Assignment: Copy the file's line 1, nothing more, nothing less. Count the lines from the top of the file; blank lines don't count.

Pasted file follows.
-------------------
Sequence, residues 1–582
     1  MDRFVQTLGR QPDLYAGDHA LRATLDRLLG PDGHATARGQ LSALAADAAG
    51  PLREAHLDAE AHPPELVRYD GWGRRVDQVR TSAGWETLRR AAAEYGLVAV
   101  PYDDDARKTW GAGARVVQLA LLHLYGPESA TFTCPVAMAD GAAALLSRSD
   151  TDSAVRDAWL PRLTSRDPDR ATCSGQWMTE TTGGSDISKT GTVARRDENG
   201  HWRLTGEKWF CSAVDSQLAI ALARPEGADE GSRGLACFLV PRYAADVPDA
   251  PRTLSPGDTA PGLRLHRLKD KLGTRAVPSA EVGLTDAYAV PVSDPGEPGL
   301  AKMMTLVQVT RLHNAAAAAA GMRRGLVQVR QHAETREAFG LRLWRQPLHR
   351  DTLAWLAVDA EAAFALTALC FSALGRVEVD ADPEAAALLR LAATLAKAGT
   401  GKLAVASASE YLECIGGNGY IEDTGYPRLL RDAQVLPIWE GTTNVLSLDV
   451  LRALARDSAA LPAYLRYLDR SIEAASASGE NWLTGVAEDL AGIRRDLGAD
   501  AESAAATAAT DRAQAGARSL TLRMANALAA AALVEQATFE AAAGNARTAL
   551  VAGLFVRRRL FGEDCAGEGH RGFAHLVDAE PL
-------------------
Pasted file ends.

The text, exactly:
Sequence, residues 1–582